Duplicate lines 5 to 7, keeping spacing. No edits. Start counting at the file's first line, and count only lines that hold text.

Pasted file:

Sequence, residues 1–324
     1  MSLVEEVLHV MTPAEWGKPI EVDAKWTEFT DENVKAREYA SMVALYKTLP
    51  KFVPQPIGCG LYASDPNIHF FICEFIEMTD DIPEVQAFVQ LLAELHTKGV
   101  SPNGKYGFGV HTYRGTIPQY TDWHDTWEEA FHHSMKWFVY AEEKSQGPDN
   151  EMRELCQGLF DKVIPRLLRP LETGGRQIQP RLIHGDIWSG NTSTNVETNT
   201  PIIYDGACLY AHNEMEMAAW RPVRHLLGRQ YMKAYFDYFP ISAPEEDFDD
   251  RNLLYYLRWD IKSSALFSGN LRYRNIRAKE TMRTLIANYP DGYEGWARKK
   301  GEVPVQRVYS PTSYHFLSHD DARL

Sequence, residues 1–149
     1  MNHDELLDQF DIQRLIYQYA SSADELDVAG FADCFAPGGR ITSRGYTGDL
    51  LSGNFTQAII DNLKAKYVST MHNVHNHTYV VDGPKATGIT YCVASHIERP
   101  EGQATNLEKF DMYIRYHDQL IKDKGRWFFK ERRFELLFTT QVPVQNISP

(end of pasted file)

   151  EMRELCQGLF DKVIPRLLRP LETGGRQIQP RLIHGDIWSG NTSTNVETNT
   201  PIIYDGACLY AHNEMEMAAW RPVRHLLGRQ YMKAYFDYFP ISAPEEDFDD
   251  RNLLYYLRWD IKSSALFSGN LRYRNIRAKE TMRTLIANYP DGYEGWARKK